This is a strange moment for me, but this post brings all of you news that I am going to be writing from France and Italy very temporarily. That means I’ll still be following the usual Vancouver civic dramas, thanks to the wonders of modern and technology and ongoing emails from my spies, but I’ll be mixing that in with my doings here for the next four weeks.Blogging is such an intense and non-stop activity that it’s a dilemma for those of us who do it as part of our journalism jobs to figure out what to do when we go away from the usual site of our activities — keep writing and pretend we’re still there? go dark for the duration? post only about our away-from-home activities? I’m choosing a bit of 1 and 3, as I do some work over here along with, um, perhaps enjoying myself a little.
I missed posting a few things while I was in the whirl of getting ready to leave, leaving, and then arriving: Constance Barnes’ news release about her drinking problem, police charges, and what she’s doing about them; Vancouver council’s decision on parking reductions; the ongoing hullaballoo about the fact that Penny Ballem made some good money doing consultancy work in Ontario. More on that, as warranted.
But in the meantime, here I am in Paris, the city that most urbanists see as a Mecca. It’s got a great transit system, lovely walkable streets that seem to draw people out, and a philosophy that the civic government is responsible for making the city as pleasant to live in as possible. During the summer, they put on fabulous free concerts in the parks and turn one part of the Seine into an impromptu beach called Paris Plage. They’ve got the coolest bike-sharing system – so cool that the stylish gray bikes have been displayed in some Japanese design museum — and a great transit system. And the whole city is an enticement to walking and conducting life out on the street.
So far in my first 48 hours, what’s struck me is:
– How comfortably multicultural it is. Yesterday, an older man I was interviewing talked mournfully about how no real Parisians live in Paris any more because all of the “people from elsewhere” have taken over the city. It doesn’t seem that way to me, because 80 per cent of the people we see look like they have been taken straight from French Movie Central Casting – the old toothless guys with their glass of wine, parked at the dingy counter of some hole-in-the-wall bar, the hip young French women in little boots and black tights, the men who look like they just walked out of Paco Rabanne commercial with their perpetually not-quite-shaven faces.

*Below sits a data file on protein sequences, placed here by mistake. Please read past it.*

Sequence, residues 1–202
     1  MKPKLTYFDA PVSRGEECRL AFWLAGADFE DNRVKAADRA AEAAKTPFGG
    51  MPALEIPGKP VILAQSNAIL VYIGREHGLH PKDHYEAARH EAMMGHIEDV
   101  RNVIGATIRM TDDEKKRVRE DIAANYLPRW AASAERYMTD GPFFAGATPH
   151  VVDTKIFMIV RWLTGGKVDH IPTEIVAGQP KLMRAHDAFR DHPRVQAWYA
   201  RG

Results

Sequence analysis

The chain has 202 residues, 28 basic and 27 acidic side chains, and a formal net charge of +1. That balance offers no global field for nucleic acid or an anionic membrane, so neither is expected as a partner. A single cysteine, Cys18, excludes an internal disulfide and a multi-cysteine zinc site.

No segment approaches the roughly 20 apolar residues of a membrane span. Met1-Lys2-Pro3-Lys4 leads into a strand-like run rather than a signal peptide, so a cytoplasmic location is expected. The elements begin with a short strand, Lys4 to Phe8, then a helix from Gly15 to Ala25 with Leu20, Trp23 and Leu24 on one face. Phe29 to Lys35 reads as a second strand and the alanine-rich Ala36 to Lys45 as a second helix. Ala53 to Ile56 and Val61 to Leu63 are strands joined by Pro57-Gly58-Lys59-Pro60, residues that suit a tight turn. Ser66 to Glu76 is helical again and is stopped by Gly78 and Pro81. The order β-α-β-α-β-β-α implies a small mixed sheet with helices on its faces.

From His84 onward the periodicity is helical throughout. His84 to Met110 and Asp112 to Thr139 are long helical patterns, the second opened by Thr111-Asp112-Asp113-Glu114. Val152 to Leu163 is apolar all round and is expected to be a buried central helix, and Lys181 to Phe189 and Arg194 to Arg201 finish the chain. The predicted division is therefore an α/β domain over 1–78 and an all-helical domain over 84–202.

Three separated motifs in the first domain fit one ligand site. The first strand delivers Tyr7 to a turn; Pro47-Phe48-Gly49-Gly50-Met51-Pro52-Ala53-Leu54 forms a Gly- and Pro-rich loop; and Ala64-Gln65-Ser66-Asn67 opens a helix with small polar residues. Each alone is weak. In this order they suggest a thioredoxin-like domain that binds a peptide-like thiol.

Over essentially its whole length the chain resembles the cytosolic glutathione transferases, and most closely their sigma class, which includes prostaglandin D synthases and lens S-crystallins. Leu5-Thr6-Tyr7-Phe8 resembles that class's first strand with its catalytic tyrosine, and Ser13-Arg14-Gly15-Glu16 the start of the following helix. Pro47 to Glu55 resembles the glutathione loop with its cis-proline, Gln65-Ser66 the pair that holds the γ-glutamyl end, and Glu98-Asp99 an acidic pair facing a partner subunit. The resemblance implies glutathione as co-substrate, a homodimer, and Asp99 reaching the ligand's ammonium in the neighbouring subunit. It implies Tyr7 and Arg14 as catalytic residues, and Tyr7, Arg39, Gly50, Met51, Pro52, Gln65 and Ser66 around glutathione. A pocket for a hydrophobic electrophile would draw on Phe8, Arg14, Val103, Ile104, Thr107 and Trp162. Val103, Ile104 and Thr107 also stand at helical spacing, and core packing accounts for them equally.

But there are new Central Casting characters who seem to fit right in: the new generation from around the world. We got a ringside seat last night when we were having dinner at Café Charbon on Rue Oberkampf, the Commercial Drive of Paris.
Next to us at the row of sidewalk tables were two young women – one the classic Paris type, pale and dark-haired, and her friend, who looked north African, with her hair in cornrows — who seemed to know half the people who passed by in front. A couple of young men joined them for a while, one black, the other not, both with their motorcycle helmets tucked under their arms. At one point, a young Chinese guy came up and distributed kisses and handshakes all around. Later on, a couple of Arab-looking men came along and said hello to the group. And they all spoke that beautiful French that gets taught here, where every sentence sounds like it was written by a philosophy professor.
– The homeless are around if you look. Like any Vancouverite who travels, I’m always aware of how other cities compare when it comes to having drug users, the mentally ill and homeless visible on the streets. Only a few cities I know of have the kind of open drug use that exists in the Downtown Eastside. Certainly there’s nothing like that here that I’ve seen. And, although I did see a few people in our midnight walk around Paris version of the east side who looked as though they could do with some medication and a few panhandlers, it wasn’t more than that.
But the homeless are here. On the way in from the airport, I saw a row of tents lined up under a viaduct near Porte La Chapelle. Strangely, all the tents were identical, with the same logo. Is there an agency distributing them to the homeless here? I’ll have to check on that. And nearby, a group of people were waiting with squeegees at the intersection, the tent city’s residents, I presumed, making a little money.
And as we walked through the Parc de Belleville at lunch, there were at least a dozen men sleeping on the lawn or on the benches along the pathways. They didn’t look to me as though they were napping away the effects of a three-course lunch with wine.
– Even palaces of consumption have their revolutionary side. I went to visit the famous Paris kitchenware store, Dehillerin. I had expected a chichi Williams-Sonoma-style place. Instead, it looked like a hardware store. As the fifth-generation owner explained to me in an interview, that’s on purpose. Eric Dehillerin and all his staff believe it’s important to focus on the quality and comprehensiveness of the cookware, not silly stuff like candle-holders and gourmet muffin mix. Food is serious, food is work, and so are the utensils for cooking food. This is not a place for trendy pretend cooks.
More to come. Now I’m off for a glass of wine and some people-watching.